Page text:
Not so with these two shows. Doing the right thing might satisfy honour and duty but that’s about it. Honour won’t save you from Lannister scheming on Game of Thrones any more than being a good friend on Skins will save you from getting beat up by a bunch of chav teenage girls looking to hand out a kicking to the first convenient target. Game of Thrones is better at handing out shock value, while Skins often goes for the laugh at the character’s expense, but both are clear: you’d best hope that virtue is its own reward, because it’s the only reward you’re likely to get.

Mistakes are punished…

Which is not to say that doing the wrong thing does come with a reward. I mean, sometimes it does. Joffrey gets the throne and Tony gets whatever girl he wants, but sometimes a character will slip up, and that slip up will have consequences. Sometimes horrible ones. It’s hard to go into specifics without spoiling things about both shows, but the examples are out there. On Game of Thrones, if you make the wrong choice tactically, even if it was the right choice morally, you will pay for it down the road. One character on Skins makes some short-sighted decisions and it ultimately costs him everything, including the shirt off his back.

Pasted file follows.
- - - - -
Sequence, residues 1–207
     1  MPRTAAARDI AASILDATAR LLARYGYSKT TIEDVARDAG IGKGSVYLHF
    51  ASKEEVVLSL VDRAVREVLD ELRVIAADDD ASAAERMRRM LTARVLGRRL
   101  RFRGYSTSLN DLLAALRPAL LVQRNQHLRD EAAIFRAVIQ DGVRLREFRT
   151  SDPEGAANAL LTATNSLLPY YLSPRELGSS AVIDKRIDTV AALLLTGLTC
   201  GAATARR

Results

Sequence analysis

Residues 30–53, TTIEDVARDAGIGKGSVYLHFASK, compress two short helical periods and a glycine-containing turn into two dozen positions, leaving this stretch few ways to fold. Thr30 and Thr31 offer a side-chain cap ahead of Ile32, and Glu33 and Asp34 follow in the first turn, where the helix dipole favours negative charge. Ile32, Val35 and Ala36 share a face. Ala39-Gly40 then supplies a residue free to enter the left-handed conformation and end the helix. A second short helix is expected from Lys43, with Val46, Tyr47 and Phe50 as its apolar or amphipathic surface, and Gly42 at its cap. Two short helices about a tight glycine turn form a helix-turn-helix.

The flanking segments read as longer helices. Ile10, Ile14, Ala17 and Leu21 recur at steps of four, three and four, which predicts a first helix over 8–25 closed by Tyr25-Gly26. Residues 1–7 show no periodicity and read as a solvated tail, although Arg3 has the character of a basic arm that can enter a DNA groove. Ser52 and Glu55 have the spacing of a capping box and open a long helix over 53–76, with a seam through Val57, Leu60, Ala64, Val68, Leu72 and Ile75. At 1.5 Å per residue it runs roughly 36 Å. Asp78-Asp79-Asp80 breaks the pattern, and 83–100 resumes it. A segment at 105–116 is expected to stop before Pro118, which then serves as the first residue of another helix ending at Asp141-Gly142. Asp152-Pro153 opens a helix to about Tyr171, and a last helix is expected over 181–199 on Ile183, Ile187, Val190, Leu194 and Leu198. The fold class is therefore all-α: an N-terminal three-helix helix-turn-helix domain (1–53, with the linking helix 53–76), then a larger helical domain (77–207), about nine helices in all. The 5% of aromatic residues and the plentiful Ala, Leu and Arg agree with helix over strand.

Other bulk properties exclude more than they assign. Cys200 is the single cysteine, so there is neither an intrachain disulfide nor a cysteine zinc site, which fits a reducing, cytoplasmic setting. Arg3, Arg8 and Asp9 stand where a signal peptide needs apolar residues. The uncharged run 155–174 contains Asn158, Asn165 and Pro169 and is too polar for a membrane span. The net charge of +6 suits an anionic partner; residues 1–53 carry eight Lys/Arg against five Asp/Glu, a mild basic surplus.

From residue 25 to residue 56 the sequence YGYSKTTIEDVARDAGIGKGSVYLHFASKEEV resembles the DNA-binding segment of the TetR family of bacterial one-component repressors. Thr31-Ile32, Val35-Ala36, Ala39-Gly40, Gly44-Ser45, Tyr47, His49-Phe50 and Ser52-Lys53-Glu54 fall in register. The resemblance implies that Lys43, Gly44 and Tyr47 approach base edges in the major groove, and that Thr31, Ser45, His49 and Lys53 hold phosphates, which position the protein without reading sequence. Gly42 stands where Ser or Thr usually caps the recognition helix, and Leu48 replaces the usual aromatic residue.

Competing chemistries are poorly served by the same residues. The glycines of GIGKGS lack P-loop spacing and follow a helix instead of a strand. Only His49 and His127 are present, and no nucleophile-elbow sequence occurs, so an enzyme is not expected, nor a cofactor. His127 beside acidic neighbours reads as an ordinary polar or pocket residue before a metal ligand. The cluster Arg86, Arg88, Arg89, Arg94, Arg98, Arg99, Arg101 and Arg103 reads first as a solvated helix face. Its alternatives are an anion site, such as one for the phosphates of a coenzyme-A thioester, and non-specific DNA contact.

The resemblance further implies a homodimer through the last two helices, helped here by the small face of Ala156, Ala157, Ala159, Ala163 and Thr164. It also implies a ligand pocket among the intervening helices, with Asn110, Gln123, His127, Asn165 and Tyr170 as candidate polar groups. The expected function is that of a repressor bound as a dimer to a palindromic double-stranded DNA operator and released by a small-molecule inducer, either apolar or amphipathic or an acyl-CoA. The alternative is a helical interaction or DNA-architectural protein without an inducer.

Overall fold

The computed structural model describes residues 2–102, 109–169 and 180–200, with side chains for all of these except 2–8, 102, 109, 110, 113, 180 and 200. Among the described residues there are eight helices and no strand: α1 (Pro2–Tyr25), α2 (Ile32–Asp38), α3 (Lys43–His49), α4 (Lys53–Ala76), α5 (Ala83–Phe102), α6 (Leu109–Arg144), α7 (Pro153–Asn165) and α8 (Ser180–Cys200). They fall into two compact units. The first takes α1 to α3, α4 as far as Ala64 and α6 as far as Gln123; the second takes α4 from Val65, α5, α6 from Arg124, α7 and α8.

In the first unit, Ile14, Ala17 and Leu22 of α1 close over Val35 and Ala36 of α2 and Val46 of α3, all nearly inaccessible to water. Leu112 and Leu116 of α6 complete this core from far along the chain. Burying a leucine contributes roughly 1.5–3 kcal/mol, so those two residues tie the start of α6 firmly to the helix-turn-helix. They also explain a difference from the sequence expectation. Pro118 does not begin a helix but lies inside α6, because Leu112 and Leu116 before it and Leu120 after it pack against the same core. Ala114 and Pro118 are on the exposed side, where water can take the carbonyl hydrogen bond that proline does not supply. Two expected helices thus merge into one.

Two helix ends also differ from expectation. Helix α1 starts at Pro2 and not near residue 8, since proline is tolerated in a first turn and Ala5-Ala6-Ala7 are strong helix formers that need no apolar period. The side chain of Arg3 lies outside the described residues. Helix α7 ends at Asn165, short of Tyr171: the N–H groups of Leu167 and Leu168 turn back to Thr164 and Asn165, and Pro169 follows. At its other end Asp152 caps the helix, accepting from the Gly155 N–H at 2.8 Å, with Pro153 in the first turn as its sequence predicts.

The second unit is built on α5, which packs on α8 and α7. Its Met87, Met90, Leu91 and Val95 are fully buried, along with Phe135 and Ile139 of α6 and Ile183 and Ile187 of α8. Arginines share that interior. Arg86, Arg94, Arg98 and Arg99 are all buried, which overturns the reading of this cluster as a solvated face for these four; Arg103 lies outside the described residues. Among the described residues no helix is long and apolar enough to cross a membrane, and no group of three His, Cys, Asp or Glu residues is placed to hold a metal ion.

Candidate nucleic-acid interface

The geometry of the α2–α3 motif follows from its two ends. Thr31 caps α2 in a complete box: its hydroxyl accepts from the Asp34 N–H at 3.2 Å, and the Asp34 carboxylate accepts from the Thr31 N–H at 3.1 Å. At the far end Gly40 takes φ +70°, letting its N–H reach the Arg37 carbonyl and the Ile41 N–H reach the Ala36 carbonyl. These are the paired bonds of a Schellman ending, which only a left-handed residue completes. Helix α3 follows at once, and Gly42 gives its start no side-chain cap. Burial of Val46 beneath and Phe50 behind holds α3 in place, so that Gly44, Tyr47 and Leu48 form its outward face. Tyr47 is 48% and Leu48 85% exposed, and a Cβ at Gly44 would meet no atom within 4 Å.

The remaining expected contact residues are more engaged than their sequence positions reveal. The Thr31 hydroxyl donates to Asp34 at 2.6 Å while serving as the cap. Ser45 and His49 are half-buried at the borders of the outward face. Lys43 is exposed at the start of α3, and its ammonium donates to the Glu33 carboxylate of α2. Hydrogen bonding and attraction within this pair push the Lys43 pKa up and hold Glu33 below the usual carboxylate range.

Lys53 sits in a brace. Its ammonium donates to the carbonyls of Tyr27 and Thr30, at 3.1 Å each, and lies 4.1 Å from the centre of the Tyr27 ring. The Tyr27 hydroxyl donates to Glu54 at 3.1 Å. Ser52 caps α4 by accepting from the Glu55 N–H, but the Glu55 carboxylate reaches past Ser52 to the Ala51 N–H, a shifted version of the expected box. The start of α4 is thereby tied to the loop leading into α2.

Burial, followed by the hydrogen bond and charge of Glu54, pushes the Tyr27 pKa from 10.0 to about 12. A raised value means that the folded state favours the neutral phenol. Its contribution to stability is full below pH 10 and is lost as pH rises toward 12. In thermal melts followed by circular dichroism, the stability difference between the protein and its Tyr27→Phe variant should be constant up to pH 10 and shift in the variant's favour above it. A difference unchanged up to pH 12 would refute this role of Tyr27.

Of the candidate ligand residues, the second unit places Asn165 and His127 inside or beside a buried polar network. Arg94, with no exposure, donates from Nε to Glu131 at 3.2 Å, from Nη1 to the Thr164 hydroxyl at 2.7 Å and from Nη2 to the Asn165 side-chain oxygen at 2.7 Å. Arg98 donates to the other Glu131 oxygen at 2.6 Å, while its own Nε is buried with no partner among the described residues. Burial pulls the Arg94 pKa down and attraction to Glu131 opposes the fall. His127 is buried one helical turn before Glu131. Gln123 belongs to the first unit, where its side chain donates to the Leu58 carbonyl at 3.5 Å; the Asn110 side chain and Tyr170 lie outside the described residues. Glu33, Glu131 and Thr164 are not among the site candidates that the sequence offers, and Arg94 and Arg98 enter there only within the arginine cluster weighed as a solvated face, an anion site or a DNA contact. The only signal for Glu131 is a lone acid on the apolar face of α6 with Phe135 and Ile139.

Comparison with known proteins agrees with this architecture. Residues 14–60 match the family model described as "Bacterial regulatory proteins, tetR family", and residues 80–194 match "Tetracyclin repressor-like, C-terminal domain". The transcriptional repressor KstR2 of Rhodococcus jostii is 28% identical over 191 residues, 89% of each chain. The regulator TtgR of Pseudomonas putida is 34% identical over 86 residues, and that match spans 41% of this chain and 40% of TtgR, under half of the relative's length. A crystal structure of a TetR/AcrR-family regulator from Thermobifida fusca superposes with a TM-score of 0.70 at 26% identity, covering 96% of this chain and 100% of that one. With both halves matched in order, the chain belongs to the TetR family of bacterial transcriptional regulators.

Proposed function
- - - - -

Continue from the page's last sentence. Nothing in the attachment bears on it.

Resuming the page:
…but not as much as redemption.

The only thing that gets you beaten down harder than mistakes in these shows is redemption. If a character begins to redeem him or herself, walk a better path, try to become a better person… brace yourself. Something bad is coming. Look at what happens to Jaime Lannister right as he was becoming likable in season three. And in the case of Skins, it’s not even something they deserved. It’s not like someone starts to turn over a new leaf but his past sins come back to haunt him. There are multiple cases where a character finds redemption, finds peace and possible happiness in that redemption, and then BAM! catastrophe from nowhere. Nowhere. And the collateral damage will hit someone you like. Usually Sid. Nothing good ever seems to happen to Sid, no matter how much I–you, the hypothetical viewer, that is… might want it to.

I was going to add a section about characters you like getting kicked in the teeth for no clear reason, but that’s, like, all narrative everywhere. That’s just good storytelling. Also, this got long for something that I once believed would fit into a Facebook status update. But, hey, what else are blogs for, amirite?

Am I not right?

Look, just come back next time. Belgian adventures for reals, I promise.